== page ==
The Phases of Running

Running is becoming ever more popular these days, and anywhere you look you are bound to find a jogger or two. It seems strange that rather than enjoying the greatest invention of human civilisation – the comfort of the indoors – people would rather brave the cold and rain and push themselves to the brink of death and back again. Running culture involves the following. You must own a pair of ugly, neon coloured running shoes. You must tell all your friends that you run and how amazing it feels. You must then have an Instagram on which you post weekly running pictures, with the sunset in the background, an inspirational quote about running and life, and #[insert distance ran here]. Have you seen one of those posts and said to yourself – hey, that could be me! I should start running! I’ll be doing marathons in no time! Let this be a warning: as someone who has gone through that running episode of my life, it’s no easy ride. A newbie runner will typically go through several phases as they try and commit themselves to this new hobby.

First, there’s the inspiration phase. You’ve eaten another bucket of KFC and throw the remains into yesterday’s McDonald’s paper bag. You look around the room – first at the Coke cans, then at the beer bottles, then finally at the stretch marks on your belly. You give it a poke and it wobbles hello back to you. You decide it’s time to turn your life upside down and get fit. You go online and watch motivational videos on Youtube, and listen to Lose Yourself by Eminem. With little hesitation you order a pair of Nike Air shoes, your first major investment in this new hobby. You go to bed with a smile on your face thinking that tomorrow will be the first day of your new, healthy life. You think about your acceptance speech at Mr Olympia 2020 as you doze off.

Second, there’s the high phase. You’re starting your first run, and you’re all ready. You’ve designed what you think is the best running playlist in the world on Spotify. The likes of Papa Roach, Linkin Park, and Slipknot will be with you all the way. You’ve got your brand new Nikes on, and they make you feel like you’re walking on a cloud. You’re doing some stretches that you think are good for you because you’ve seen it in a movie once. In reality it looks similar to a bowling ball trying to fold itself in half. You think you’re ready and set off. You run a grand total of 2 km this time – enough to get you out of breath and red as a sunburnt tomato, but not enough for any injury to your virgin legs. You’re proud of yourself. You look at the sunset with a broad smile on your face, feeling the calories evaporate from your skin into the cool autumn air. You take out your instagram, snap a selfie, and spend more time thinking about the caption than you did actually running. You feel elated and great. This must be what the runner’s high is all about.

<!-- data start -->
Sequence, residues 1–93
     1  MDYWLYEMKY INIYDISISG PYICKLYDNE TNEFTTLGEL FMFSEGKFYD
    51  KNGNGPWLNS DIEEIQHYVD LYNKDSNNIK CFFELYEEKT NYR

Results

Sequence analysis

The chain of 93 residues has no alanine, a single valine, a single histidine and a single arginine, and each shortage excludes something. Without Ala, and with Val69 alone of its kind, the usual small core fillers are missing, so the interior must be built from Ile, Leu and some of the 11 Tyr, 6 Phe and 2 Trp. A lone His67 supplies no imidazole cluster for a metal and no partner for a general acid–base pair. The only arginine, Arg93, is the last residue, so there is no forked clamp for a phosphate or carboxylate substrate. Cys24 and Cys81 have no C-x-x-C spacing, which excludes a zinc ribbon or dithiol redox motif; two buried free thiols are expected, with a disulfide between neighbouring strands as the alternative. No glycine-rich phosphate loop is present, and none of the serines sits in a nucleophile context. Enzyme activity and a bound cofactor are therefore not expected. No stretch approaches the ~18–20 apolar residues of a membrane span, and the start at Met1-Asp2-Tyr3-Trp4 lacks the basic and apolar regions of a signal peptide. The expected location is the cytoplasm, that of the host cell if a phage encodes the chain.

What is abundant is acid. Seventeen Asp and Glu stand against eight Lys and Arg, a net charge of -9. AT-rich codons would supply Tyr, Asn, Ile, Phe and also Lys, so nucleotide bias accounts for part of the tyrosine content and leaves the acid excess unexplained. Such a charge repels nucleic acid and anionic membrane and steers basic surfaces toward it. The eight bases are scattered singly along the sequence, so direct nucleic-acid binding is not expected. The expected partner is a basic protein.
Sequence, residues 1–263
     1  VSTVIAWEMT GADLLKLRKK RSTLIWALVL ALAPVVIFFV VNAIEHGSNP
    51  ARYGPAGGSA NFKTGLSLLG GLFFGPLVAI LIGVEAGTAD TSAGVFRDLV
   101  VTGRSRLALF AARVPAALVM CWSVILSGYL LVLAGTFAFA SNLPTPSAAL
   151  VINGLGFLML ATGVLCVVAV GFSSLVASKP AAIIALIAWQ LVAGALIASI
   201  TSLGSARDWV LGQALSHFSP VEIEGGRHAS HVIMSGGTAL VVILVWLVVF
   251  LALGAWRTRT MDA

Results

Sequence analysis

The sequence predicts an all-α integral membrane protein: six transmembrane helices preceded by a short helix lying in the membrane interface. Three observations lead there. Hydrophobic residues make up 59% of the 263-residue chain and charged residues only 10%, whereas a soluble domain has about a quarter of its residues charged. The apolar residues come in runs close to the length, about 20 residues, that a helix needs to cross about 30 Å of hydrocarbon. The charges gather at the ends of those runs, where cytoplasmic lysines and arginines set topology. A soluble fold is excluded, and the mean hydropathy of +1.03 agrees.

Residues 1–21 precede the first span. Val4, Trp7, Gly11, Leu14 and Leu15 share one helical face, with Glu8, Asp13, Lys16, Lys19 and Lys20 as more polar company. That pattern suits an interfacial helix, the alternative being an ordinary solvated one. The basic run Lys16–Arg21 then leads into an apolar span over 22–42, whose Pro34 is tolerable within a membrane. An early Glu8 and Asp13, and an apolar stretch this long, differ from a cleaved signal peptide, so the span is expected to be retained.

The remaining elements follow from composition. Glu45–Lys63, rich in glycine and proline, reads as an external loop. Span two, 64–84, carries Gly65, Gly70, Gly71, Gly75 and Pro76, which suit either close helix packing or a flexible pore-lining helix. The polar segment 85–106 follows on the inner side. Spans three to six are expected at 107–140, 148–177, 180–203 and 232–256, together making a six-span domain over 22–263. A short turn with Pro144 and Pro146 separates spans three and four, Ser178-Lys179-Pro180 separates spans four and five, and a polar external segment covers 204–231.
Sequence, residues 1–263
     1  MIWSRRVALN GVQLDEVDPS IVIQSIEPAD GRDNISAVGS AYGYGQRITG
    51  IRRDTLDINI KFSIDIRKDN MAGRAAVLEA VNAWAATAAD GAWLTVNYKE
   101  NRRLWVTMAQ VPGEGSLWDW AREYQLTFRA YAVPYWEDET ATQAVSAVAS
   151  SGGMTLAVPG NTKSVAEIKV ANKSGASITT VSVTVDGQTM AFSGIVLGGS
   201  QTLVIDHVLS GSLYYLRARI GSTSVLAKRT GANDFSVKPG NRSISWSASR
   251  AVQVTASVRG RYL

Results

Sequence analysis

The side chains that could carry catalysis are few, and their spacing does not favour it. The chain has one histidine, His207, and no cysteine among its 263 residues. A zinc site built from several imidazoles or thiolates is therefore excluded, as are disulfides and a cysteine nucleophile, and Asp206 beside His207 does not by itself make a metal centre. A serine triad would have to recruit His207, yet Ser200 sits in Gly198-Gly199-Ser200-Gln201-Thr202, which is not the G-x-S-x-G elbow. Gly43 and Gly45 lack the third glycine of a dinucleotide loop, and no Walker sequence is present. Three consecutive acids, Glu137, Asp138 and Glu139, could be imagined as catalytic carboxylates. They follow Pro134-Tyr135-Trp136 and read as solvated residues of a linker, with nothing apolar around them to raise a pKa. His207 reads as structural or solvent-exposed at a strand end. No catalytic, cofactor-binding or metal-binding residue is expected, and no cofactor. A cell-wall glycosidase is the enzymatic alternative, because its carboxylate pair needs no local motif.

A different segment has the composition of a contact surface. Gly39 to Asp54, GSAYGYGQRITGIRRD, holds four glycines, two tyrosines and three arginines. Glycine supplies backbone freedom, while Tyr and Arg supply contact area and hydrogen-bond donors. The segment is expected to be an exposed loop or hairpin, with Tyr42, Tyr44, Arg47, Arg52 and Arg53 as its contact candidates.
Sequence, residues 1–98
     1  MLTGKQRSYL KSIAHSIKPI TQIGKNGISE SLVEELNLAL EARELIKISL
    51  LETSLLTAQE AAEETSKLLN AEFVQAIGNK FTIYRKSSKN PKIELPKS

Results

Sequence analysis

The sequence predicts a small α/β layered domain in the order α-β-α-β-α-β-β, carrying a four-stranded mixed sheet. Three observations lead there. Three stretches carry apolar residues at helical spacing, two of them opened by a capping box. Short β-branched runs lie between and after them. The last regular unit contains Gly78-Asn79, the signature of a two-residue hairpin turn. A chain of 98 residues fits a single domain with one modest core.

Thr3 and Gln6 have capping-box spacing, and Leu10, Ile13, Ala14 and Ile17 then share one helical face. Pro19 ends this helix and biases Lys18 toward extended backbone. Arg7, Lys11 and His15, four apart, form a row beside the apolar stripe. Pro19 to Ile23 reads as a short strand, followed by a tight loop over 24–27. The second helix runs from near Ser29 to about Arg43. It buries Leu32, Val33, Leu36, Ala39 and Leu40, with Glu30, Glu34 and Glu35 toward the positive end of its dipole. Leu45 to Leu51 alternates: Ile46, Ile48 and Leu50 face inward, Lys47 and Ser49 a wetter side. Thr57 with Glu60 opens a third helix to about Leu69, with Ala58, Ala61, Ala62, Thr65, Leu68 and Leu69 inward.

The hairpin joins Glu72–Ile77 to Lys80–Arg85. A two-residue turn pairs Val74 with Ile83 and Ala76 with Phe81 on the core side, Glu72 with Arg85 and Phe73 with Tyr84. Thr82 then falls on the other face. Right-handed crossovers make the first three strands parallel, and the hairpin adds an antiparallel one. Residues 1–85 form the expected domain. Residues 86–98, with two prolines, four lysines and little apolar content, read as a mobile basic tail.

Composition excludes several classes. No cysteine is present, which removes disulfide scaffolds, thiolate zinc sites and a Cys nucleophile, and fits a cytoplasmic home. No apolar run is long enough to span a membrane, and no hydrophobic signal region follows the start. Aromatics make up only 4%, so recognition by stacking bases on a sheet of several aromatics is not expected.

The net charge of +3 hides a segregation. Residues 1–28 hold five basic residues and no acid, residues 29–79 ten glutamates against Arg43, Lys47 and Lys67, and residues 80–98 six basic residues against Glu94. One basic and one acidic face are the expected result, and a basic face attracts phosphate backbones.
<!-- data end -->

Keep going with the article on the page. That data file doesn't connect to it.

The next phase is that of pain. The novelty of this new hobby has worn off, and so has the fun. You start each session excited, putting on your earphones and thinking that you’re going to run better and faster than ever before. But after 5 minutes when you start gasping for air, you regret all the decisions in your life that has led you to this point. You think about how this must be like for a fish out of water – and indeed isn’t that what you are? What are you doing anyway, you’re not a runner! You’re a stay-at-homer! Slipknot singing about murder no longer motivates you – what’s fuelling you now is pure self hate and determination to prove your friends wrong when they said you’ll give up after two weeks. You’ve got to be better than that. It’s only been five days. So you keep on running, heading for your usual direction into the sunset except this time, it seems like a storm is approaching and of course, you don’t have your umbrella.

After pain, comes the phase of deterioration, a.k.a. how you bargain your way out of this. You become reflective about how life is short and how you shouldn’t be doing things like you don’t want to do like fighting in a war, working a low-paying job, or running yourself to death. You skip sessions for rationalised reasons such as that knot in the knee acting up or the weather forecast predicting a 30% chance of rain (why take the chances? You’ve never been the wild type). You try and make yourself feel better by eating a salad and boiled chicken for dinner, which is topped up with Cookie Dough ice cream because you don’t like going to bed hungry. And before you drift off you tell yourself…tomorrow. I’ll make up for it tomorrow. This helps you sleep because today’s problems have been resolved by becoming tomorrow’s. Your friends ask you how the running is going and you are too ashamed to say, “I don’t like running because every time I do I feel like I’m dying from the ground up.” Instead you tell them that all is going well and you’re on track to your goal at the end of the month. And it’s true. You’re on track to quitting.

And finally, the running escapade of your life ends. You’ve not worn your jogging shoes in a week. Your lifestyle is back to normal. Any weight that you might have lost, whether real or imaginary, is back on after a night out. You initially feel guilty but have come to live with your shortcomings. This is a sign of maturity, you tell yourself. I have come to accept that running will never be my thing.

Now cycling on the other hand…


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